The signs and symptoms of functional alcoholism include:

  • Being middle-aged and having a successful career
  • Struggling with depression but masking the symptoms 
  • Not getting in trouble with the law or engaging in risky behaviors 
  • Commonly joking about having alcoholism
  • Being in denial about their problem with alcohol
  • Drinking larger amounts of alcohol than others and appearing “fine”
  • Continuing to maintain responsibilities despite drinking often and heavily 
  • Drinking at work and on lunch breaks 
  • Hiding bottles of liquor inside of their work desks or around the home
  • Getting defensive when their heavy alcohol consumption is brought up

4. Intermediate Familial Subtype

The intermediate familial subtype includes individuals with high rates of familial history of alcoholism. In other words, many of these individuals have parents or other close relatives who also suffer from alcoholism. Because of this, they tend to start drinking at an early age (around 17) and develop a dependency on alcohol by the age of 32.

Intermediate familial alcoholics are more commonly male and have a high probability of suffering from co-occurring mental health conditions and polysubstance abuse.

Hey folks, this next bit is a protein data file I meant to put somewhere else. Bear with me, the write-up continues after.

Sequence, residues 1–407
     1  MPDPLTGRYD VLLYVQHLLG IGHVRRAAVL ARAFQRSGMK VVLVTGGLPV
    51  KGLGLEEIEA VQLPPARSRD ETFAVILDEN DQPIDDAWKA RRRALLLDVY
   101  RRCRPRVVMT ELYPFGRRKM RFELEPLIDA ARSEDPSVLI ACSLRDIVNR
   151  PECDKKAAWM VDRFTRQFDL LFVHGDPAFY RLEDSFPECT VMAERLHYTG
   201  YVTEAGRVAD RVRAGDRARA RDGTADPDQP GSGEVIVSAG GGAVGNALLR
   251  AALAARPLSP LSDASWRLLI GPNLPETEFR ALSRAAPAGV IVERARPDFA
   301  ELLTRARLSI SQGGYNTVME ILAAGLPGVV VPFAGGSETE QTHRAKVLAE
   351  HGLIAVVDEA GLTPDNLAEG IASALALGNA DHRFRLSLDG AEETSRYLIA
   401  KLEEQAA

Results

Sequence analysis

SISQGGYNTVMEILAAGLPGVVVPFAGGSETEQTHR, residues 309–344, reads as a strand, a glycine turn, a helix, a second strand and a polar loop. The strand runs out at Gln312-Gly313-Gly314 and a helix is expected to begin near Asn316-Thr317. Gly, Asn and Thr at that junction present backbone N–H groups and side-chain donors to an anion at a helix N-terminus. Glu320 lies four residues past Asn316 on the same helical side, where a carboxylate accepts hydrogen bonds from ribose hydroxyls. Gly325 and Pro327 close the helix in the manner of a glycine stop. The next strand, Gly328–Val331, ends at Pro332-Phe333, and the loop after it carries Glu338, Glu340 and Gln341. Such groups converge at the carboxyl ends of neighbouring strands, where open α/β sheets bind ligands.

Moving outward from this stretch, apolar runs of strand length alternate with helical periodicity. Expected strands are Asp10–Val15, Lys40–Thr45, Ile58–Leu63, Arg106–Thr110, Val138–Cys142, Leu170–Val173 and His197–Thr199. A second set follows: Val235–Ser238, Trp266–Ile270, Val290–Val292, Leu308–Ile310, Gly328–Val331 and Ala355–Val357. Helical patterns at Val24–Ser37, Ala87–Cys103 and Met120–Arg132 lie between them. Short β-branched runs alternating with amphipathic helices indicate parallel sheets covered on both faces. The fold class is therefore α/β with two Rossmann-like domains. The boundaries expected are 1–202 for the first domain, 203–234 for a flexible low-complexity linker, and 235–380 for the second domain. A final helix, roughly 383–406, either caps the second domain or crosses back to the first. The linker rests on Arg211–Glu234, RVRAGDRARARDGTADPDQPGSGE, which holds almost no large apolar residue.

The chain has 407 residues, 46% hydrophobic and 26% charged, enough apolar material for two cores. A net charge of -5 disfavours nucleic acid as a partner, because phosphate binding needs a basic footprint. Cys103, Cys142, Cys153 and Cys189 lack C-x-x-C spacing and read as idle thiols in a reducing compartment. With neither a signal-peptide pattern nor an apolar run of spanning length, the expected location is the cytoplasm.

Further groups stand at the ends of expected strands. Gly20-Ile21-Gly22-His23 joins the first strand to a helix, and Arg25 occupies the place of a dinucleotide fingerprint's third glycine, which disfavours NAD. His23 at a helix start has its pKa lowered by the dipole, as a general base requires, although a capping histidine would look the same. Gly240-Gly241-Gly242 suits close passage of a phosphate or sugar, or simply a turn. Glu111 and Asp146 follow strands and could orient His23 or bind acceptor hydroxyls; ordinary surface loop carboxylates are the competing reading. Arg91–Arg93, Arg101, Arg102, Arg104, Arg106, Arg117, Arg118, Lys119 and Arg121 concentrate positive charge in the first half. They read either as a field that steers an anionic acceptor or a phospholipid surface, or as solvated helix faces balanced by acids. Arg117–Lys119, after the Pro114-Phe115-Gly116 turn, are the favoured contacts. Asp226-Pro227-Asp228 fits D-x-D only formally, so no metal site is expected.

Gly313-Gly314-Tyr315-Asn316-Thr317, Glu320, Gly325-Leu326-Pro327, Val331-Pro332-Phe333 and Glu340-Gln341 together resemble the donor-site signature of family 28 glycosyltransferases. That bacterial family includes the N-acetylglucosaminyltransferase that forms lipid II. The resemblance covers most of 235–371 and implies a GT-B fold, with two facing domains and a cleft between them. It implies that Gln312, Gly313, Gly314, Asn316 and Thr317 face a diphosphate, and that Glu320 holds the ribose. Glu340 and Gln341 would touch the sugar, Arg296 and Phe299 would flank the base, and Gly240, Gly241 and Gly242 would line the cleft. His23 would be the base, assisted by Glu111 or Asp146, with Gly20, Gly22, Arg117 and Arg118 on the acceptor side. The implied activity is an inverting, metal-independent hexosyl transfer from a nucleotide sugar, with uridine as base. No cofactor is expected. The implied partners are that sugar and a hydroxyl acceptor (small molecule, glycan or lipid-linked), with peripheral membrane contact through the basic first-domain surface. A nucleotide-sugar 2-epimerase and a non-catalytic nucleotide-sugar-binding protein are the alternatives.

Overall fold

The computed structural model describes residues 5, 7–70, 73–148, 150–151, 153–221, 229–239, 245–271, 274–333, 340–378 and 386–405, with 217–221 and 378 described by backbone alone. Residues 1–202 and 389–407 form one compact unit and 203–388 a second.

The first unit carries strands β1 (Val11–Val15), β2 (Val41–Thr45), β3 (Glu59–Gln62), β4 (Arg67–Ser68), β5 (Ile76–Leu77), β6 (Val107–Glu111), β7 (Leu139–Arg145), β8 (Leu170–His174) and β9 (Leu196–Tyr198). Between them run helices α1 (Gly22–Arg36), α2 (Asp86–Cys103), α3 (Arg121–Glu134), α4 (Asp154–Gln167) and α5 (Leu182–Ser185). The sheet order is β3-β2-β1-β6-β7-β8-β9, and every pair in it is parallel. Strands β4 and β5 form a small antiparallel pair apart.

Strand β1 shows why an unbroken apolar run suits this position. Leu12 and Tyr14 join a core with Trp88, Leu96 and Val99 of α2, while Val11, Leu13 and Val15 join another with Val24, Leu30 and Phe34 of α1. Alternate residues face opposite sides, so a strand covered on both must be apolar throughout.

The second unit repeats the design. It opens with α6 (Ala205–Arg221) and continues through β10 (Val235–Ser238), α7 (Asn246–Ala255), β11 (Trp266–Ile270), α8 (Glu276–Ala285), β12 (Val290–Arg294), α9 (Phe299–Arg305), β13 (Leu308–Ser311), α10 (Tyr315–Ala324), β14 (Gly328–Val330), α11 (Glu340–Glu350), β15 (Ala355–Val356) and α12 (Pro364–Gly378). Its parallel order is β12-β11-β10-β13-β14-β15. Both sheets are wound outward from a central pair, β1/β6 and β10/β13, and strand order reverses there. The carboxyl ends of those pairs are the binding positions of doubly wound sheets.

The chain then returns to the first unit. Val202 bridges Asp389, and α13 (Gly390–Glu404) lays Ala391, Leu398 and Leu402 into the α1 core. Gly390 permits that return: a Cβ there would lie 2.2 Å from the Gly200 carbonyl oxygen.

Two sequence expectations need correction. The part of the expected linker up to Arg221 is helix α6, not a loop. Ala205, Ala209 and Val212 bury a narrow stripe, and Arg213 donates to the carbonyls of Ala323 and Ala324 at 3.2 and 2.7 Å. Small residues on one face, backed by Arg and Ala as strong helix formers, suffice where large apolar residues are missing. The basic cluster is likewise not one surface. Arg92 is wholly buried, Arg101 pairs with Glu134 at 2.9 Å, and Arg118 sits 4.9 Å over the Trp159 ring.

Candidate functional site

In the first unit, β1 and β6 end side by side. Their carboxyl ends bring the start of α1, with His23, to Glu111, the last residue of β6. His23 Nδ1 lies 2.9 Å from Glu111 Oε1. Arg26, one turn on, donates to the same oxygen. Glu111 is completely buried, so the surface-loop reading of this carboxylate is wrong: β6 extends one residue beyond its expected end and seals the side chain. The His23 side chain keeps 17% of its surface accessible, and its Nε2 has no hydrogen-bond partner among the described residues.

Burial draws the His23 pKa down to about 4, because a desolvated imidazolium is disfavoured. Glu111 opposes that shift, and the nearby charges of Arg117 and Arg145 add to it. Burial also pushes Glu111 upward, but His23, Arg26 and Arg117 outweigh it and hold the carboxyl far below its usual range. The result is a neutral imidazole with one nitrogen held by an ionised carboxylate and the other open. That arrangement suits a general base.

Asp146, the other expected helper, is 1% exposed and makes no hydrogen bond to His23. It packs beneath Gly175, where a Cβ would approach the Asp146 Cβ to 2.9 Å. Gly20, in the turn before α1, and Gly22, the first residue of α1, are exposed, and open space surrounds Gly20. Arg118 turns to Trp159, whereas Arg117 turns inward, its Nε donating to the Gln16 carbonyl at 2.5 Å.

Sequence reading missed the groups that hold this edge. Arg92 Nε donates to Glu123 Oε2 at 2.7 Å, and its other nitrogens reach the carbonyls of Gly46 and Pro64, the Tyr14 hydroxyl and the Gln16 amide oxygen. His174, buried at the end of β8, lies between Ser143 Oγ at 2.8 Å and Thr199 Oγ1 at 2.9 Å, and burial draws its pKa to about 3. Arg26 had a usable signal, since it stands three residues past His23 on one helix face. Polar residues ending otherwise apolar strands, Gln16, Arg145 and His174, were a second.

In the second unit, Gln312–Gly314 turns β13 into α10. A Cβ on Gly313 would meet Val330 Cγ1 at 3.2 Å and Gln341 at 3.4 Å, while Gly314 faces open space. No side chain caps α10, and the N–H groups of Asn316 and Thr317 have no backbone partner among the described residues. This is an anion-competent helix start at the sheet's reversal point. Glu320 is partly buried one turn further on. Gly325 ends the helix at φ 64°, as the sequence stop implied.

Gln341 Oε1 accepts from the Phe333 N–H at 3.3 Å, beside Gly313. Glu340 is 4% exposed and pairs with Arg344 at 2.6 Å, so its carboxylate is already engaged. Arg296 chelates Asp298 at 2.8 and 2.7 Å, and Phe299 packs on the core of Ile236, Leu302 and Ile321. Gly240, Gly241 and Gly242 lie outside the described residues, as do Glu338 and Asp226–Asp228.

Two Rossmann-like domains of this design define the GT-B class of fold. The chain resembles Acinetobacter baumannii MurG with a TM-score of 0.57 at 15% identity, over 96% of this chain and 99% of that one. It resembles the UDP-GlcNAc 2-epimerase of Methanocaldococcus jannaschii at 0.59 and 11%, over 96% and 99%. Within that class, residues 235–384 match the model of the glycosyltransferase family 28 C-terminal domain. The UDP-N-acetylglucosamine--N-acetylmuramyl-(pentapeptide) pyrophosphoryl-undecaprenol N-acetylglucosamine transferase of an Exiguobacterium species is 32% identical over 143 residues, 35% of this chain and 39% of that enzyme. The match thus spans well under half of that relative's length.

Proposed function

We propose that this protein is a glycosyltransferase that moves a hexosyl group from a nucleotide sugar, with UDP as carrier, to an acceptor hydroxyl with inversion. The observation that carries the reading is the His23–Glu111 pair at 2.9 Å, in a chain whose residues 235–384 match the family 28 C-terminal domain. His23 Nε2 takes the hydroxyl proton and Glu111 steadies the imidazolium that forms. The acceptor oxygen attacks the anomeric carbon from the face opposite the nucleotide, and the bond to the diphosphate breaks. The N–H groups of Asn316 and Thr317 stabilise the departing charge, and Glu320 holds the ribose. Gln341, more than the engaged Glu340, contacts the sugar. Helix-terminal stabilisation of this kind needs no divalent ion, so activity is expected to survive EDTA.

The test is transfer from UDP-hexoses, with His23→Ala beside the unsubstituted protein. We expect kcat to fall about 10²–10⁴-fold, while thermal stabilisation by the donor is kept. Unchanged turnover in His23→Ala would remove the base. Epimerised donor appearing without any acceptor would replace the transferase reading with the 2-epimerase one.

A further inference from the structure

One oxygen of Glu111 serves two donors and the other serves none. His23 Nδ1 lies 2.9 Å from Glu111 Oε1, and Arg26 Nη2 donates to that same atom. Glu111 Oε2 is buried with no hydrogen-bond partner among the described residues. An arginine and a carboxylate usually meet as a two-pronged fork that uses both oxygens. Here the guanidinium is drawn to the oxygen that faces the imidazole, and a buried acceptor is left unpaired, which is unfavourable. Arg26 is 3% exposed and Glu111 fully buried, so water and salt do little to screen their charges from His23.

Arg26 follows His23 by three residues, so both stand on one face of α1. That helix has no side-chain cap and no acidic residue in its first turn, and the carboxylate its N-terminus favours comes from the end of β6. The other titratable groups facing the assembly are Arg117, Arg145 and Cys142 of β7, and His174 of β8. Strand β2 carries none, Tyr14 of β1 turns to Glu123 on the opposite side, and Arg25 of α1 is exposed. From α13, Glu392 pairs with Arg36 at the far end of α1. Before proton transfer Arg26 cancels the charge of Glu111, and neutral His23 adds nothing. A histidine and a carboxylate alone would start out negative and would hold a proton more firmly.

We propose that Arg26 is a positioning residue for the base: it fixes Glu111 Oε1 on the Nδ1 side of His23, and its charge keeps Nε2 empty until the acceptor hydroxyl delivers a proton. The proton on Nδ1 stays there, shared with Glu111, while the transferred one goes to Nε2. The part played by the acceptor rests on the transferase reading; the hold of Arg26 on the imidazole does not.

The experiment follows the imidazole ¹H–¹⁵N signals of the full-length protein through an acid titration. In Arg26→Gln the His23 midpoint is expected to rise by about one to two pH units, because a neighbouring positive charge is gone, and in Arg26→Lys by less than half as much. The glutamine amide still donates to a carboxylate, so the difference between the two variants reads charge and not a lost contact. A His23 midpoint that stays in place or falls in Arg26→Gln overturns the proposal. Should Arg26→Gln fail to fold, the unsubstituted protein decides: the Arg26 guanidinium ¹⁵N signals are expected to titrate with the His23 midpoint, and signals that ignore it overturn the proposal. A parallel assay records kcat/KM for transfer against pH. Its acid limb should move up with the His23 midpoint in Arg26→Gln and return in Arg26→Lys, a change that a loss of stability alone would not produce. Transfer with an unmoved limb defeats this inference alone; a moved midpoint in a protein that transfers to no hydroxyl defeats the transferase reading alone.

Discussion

While they tend to have higher rates of employment than other subtypes, they are not considered similar to the functional subtype of alcoholism. Only 20% of these individuals have a college degree, causing them to have a lower annual income rate than functional alcoholics.[2]

Many intermediate familial alcoholics seek close relationships with others. However, their family life as a child tends to be rocky, causing high rates of divorce among these individuals. 

Signs and Symptoms 

Intermediate familial alcoholics come from a family history of alcoholism and mental health conditions. This causes them to be prone to developing an addiction to alcohol and co-occurring mental health conditions. 

The signs and symptoms of the  intermediate familial subtype of alcoholism include:

  • Having an immediate family history of alcoholism 
  • Beginning to drink in their teen years and developing an addiction to alcohol by their 30s
  • Suffering from co-occurring disorders like depression, ASPD, bipolar disorder, and anxiety
  • Abusing additional substances like cigarettes, marijuana, and cocaine
  • Being in long-term relationships or experiencing a divorce
  • Viewing excessive drinking as a normal behavior
  • Having a history of childhood trauma 

5. Chronic Severe Subtype 

Typically, this subtype of alcoholism is closest to the stereotype of an alcoholic. Ironically, the chronic severe subtype of alcoholism is the least common subtype known (9% of all alcoholics).[1]